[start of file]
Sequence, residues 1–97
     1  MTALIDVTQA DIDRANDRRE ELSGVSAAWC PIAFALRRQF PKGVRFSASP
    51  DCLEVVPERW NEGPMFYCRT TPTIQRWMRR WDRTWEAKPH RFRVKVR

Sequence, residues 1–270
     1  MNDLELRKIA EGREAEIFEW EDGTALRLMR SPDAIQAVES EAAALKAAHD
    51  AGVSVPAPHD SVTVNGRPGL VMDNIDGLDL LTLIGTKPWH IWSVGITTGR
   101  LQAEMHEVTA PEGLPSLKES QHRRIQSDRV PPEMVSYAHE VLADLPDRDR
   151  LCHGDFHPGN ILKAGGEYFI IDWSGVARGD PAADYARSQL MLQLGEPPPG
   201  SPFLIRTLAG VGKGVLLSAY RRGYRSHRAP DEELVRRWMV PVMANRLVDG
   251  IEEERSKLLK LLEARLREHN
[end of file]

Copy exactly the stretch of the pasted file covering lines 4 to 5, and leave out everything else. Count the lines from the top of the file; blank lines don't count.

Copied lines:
Sequence, residues 1–270
     1  MNDLELRKIA EGREAEIFEW EDGTALRLMR SPDAIQAVES EAAALKAAHD